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I'm currently studying computer-related crimes/forensics, and have an interesting mock case that is posing some challenges for me.

The defendant is a 19 year-old who was involved with 'sexting' when they were 17, and at the time they had shared the indecent images of their 16 year-old partner with their friends.

Since the offence was committed two years ago when they were a child, I am unsure as to whether this could still be prosecuted:

  • The defendant was legally a child at the time (17)
  • The 6 month SoL has already passed, assuming that this would be dealt with as a summary offence by a magistrate's court

In the UK, Indecent and Prohibited Images of Children sets out either-way offences, so it would be possible for a Crown Court to take this on (so there would be no SoL).

Would this case be thrown out due to the SoL, or would the defendant still be prosecutable? Or is that not possible to determine based on the information here?

In addition, would the defendant be prosecuted as a child (as the offence was committed while they were a child), or would they be prosecuted as an adult as the report was filed while they were an adult?

2

The Defendant is not prosecutor. The defendant was 17 at the time and had relations with a 16 year old person. In the United Kingdom, the Age of Sexual Consent is 16 years old, so his partner would have been legally allowed to give consent and take explicit pictures and distribute them (assumes consent on her part).

Additionally, the UK has what is called (in the United States at least) a "Romeo and Juliet Clause" which allows for flexibility when the defendant is of similar age to the partner/victim. In the U.K. this flexibility extends to minors between 13 and and 16 (age of consent) where the defendant can claim that they reasonably believed the victim was 16+ during the actions OR allows for cases where two minors between the ages of 13 and 15 decide to engage in consensual sexual relations OR allows for a person who is a few years older to consensual sexual relations with someone below the age of consent but over 13 (i.e. a 16 year old with a January Birthday engaging with in "Summer Lovin'" with their 15 year old partner, who will turn 16 in October.). Below 13 it is always illegal, but between 13 and 15 it is advised to make the determination on a case by case basis. Some exceptions to this are if the older partner is in a role of "Trusted Position" (i.e. A Priest or Reverend of the partner's church, a teacher or teacher's aid and a student, a 55 year old professor and a late teens - 20s student) and a promise of exchange of good or money for sexual relations.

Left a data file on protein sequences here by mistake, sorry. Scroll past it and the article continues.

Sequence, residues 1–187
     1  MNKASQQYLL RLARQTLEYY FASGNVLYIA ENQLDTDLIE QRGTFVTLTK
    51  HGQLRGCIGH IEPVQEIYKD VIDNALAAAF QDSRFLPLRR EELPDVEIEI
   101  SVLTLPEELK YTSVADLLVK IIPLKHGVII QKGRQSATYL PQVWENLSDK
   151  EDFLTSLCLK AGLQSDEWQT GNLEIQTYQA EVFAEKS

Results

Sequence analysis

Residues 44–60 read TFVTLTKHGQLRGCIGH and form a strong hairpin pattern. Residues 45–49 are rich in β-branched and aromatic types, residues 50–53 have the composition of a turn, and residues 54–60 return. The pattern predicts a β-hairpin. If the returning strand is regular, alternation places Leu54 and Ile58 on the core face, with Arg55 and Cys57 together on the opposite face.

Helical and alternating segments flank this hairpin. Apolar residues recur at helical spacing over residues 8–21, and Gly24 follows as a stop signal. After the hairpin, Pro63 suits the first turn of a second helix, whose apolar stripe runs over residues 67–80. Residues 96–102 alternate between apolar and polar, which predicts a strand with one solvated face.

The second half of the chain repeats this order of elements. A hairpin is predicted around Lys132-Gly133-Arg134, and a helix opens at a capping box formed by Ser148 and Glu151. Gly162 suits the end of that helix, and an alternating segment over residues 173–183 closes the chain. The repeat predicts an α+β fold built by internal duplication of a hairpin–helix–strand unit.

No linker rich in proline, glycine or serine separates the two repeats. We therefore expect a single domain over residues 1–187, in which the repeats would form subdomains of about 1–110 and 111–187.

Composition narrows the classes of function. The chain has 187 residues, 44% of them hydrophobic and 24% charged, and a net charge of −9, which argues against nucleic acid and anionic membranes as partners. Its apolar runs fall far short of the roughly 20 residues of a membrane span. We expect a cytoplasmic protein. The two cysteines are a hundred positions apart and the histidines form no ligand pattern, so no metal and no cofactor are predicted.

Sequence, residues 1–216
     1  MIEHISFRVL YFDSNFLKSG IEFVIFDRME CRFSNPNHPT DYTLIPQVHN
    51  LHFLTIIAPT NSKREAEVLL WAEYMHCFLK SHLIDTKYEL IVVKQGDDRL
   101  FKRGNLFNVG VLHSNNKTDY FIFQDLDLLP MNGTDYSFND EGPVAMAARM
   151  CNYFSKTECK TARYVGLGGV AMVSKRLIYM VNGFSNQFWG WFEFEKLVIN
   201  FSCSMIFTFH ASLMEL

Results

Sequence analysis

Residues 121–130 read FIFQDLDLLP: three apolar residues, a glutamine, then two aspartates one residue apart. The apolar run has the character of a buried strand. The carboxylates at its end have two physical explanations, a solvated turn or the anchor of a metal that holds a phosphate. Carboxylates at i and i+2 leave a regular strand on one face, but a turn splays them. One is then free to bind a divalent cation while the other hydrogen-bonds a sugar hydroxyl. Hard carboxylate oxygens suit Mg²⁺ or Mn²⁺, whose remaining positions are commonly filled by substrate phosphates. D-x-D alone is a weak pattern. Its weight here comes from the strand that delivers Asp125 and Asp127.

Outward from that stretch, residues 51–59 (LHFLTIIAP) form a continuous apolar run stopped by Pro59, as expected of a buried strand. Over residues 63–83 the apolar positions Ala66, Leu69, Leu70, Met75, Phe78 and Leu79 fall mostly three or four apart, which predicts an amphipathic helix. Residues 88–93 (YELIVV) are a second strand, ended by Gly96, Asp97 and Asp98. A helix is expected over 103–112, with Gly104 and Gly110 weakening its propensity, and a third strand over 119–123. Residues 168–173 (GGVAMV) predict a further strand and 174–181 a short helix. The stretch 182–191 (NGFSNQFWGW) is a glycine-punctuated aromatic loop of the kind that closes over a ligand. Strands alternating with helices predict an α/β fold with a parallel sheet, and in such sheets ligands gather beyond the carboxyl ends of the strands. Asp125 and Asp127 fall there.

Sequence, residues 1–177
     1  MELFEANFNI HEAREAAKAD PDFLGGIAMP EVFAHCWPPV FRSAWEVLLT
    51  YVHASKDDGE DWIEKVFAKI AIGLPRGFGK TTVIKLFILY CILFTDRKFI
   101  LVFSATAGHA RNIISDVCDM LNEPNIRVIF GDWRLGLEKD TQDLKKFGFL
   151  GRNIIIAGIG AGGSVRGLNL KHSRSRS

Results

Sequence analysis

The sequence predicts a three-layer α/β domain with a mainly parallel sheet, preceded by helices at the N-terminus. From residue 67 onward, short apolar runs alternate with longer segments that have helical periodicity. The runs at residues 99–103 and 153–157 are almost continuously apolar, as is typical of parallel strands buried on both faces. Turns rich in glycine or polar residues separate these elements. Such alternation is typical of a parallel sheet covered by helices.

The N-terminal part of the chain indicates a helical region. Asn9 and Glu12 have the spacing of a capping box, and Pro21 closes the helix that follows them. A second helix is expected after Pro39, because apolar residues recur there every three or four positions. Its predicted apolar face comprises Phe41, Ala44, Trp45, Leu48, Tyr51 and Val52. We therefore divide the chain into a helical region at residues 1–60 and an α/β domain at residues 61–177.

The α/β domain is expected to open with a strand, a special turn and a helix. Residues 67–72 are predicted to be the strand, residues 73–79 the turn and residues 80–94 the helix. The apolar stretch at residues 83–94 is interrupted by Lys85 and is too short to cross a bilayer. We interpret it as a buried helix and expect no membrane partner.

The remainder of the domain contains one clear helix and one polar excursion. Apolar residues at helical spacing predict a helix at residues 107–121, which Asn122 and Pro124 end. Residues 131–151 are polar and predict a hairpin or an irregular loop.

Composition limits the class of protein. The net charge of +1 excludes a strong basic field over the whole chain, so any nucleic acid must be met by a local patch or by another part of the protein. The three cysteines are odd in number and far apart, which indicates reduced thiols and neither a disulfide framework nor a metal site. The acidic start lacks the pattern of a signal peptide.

In your scenario a 19 year old was, two years previous, engaged in a sexual relations with a then 16 year old partner (who is presently 18). Assuming that this was not all above Age of Consent, this still would be flexible enough the "Romeo and Juliette" Exception.

Without any evidence of a relationship of trust or a promise of goods or money value, this seems like it would be thrown out. I would also look into the publication date of the book, as it may have been published before the rules were changed (2003 had some major changes.)). You would certainly need to know if the pictures were given willingly or against her will. If in the former, she may have reduced avenues of recourse, but it is legal for him to have a copy of her picture on the phone. If not, then there is a case.

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    The age of consent does not give you the right to share photos of an under-aged person. – Putvi May 15 '19 at 19:24
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    Age of consent is 16 in the UK, but for explicit photos, it is 18. The law is weird that way: A 50 year old man can have sex with a 16 year old girl, but a 20 year old woman cannot post nude photos she took of herself at 17 and a half. It's extremely important to remember these quirks when it comes to age of consent laws, as strange as they may be. – forest May 17 '19 at 0:29
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The best way to think about these sorts of problems is to work up from first principles: